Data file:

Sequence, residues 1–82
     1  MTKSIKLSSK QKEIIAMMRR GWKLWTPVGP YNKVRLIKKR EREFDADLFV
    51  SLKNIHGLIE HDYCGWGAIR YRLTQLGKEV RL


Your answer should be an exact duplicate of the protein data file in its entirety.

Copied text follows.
Sequence, residues 1–82
     1  MTKSIKLSSK QKEIIAMMRR GWKLWTPVGP YNKVRLIKKR EREFDADLFV
    51  SLKNIHGLIE HDYCGWGAIR YRLTQLGKEV RL